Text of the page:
Mike Goddard believes Service leavers are disciplined, well motivated, not afraid of hard work and very good at following structures and procedures set down to get a job done. Those are qualities franchisors love in their franchisees.


If you don’t like pizzas, don’t go for a pizza-making franchise; you need to choose something that you’ll still be happy doing five, 10 or even 15 years down the line. Go for a business you feel comfortable with and where you are confident the franchisor will provide an appropriate level of training and support. Whenever you can, speak to existing franchisees to get the inside story.


Start at the bfa; franchisors which are full members have been vetted and passed an accreditation procedure which ensures they adhere to agreed ethical, legal and financial standards. However, you should still do your own research and diligence checking; after all, you’re potentially going to invest a lot of your money into a business and you need to minimise the risks, particularly if you have dependents.

The bfa-recognised website is also an excellent general source of information, and there are regular franchise magazines and exhibitions throughout the year.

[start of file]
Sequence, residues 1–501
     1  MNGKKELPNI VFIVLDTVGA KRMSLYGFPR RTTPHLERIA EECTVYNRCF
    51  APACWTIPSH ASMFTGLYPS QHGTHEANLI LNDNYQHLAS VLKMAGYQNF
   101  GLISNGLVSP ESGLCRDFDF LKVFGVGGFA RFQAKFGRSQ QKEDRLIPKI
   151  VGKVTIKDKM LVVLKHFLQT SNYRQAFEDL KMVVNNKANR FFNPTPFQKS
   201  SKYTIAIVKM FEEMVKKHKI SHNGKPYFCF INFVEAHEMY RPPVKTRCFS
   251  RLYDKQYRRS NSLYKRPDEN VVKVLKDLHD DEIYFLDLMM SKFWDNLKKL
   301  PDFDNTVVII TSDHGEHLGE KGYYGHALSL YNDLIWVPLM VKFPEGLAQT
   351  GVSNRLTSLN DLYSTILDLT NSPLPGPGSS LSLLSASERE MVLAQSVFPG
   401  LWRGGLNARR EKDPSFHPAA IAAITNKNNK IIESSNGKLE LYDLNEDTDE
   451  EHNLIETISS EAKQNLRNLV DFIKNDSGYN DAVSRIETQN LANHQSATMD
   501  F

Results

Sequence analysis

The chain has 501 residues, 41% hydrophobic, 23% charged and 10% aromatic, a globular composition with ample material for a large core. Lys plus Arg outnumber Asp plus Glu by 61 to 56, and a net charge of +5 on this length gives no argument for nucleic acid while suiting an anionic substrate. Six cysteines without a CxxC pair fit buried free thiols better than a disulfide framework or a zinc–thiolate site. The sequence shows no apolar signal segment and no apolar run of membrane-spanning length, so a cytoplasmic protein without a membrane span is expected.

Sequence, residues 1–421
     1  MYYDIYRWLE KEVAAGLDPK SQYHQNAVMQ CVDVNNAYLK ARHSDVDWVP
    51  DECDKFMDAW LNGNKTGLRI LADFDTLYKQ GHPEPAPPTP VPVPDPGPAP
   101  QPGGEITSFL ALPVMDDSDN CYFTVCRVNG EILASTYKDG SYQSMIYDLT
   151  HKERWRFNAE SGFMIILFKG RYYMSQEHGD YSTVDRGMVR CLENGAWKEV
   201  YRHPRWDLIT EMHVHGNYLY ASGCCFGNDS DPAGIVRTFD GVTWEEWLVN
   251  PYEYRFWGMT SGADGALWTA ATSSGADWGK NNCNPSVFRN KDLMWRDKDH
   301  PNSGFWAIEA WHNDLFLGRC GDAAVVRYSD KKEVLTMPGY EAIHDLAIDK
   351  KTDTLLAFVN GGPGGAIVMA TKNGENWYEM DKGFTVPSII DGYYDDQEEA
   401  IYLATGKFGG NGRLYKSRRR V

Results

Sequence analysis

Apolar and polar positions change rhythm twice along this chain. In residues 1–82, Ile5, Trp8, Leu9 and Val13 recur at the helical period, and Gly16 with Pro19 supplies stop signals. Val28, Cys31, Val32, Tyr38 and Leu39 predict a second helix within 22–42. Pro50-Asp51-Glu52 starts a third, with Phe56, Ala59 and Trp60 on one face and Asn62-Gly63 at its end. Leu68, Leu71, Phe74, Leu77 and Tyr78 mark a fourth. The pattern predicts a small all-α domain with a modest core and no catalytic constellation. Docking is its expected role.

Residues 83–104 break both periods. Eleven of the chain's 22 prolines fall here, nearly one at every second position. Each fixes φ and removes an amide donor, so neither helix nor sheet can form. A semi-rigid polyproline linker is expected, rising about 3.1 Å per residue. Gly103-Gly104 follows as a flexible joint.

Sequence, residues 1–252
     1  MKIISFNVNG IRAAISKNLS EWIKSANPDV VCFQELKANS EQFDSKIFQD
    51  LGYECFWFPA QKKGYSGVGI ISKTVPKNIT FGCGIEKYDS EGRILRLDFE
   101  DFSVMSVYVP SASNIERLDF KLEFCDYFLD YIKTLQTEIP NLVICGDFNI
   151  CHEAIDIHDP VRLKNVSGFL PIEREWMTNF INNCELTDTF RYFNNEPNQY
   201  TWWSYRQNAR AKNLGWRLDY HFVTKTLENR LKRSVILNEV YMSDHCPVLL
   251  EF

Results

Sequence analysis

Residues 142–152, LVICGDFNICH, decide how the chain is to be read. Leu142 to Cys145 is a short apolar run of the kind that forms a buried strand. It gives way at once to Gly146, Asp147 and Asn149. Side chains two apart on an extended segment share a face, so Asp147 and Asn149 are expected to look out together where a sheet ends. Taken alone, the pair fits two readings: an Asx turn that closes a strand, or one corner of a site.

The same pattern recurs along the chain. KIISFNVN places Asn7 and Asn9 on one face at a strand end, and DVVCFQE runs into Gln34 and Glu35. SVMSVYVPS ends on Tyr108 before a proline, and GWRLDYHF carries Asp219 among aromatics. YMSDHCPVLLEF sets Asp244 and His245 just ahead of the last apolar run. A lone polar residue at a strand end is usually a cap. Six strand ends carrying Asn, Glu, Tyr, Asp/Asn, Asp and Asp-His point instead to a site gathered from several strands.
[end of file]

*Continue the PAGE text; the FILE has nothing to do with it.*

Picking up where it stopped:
Find out more;

British Franchise Association

01865 379 892,

Which Franchise

0141 204 0050,

Some statistics;

The most recent NatWest/BFA franchise survey (the 25th annual report on the sector) confirmed the following facts about business format franchising in the UK during 2008, when the British economy entered recession.

• Estimated annual turnover of the sector £11.4 billion, down 8% on 2007 (£12.4 billion) but still up 5% on 2006 (£10.8 billion).

• Number of business format franchisors: 809, up 3.6% on the previous year.

• 82% of franchisors believe business will improve or remain the same in the next 12 months.

• New entrants can expect to pay an average of £50,400 in franchise fees and other costs, down from £64,900 in 2007.